The cold of the outside blasting in would spoil a lot of hanging out for me. While I was wearing a T-shirt under my shirt (I've been wearing one since about late October, including in the shower), I didn't bring any long underwear since I imagined I'd spend most of the weekend in the hotel and wouldn't have to deal with gusts of Arctic air too often. Unfortunately the hotel's arrangement put the natural hangout spots right by the dual sliding glass doors of the main entrance, with no buffering of the cold, and that made just hanging out looking for people a lot less pleasant.
While it was only early afternoon, I was tired, partly from accumulated stress, partly from getting up early on a Saturday, and since nothing was scheduled until the Fursuit Parade at 4 pm I went upstairs for a nap and bunny_hugger tolerated this. She did get her sketchbook back from the previous day's artist, though, and it was another gorgeous picture of her beside me, happy to say.
Fursuit Parades are always interesting, partly because it's neat seeing dozens of people in costume with a couple of them working out some kind of gimmick, partly because it draws great audiences from the ordinary non-attendees, people who just thought they were having a normal weekend at a hotel seeing suddenly a parade of all sorts of characters they don't remember as college mascots or Disney characters tromping around the place. I got to a decent spot, near the bar/restaurant/lounge, and what turned out to be the point where the parade's path looped back on itself.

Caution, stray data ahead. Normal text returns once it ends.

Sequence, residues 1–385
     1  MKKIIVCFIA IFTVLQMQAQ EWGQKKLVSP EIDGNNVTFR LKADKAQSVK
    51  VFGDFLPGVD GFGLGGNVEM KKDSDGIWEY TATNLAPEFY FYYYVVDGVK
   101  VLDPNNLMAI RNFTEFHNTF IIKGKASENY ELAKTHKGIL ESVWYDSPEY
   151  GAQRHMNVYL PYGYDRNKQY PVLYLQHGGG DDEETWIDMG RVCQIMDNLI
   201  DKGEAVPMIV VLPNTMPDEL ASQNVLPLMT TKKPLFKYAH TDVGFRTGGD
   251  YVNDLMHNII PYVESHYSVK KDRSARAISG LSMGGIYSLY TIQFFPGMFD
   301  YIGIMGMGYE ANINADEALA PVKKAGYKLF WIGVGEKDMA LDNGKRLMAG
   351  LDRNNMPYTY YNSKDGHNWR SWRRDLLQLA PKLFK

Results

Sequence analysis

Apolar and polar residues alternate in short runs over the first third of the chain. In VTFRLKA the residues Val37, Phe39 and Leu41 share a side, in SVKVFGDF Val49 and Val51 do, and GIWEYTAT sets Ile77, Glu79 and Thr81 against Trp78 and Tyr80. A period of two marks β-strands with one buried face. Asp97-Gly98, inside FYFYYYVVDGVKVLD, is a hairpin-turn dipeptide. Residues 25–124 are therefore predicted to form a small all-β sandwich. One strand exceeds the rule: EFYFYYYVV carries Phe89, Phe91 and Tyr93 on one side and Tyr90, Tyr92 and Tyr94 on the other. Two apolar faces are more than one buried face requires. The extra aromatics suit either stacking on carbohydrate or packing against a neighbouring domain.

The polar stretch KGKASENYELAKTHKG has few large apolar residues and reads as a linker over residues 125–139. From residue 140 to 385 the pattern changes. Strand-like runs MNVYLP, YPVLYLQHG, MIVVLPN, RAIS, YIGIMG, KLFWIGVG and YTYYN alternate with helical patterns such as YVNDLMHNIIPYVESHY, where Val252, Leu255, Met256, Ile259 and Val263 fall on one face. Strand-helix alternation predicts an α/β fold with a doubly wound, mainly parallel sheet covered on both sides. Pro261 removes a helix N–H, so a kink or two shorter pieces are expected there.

Protip for anyone running a fursuit parade: organization is critically important for this, because nobody in the parade has read the con book enough to see what the parade path is, and most of the people in it can barely see where they're going. You need people at every single point where the path goes from one enclosed spot to another, and every single point where the path of the parade turns, and especially at the point where the path crosses itself. I took a movie of the parade and there's a clear ``uh-oh'' and maybe an ``oh dear Lord'' when I saw the head of the parade crossing back to its tail, a junction that maybe confused only seven of the people walking about where to go, but, since there were 76 participants, that's a pretty big fraction.